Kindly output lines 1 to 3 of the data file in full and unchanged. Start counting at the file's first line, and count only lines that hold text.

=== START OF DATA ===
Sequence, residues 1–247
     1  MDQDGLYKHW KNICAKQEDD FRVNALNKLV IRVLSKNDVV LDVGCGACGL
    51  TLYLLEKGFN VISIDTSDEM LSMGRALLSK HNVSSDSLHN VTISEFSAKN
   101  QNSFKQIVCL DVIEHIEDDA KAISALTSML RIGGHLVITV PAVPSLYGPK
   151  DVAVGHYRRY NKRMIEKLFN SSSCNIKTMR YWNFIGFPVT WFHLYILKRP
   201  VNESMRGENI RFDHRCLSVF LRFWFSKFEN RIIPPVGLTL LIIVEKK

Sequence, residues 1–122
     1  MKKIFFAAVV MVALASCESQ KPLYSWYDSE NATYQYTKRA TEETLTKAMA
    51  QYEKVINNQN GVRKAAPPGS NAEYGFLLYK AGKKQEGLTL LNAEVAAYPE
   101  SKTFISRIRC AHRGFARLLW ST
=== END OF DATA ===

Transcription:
Sequence, residues 1–247
     1  MDQDGLYKHW KNICAKQEDD FRVNALNKLV IRVLSKNDVV LDVGCGACGL
    51  TLYLLEKGFN VISIDTSDEM LSMGRALLSK HNVSSDSLHN VTISEFSAKN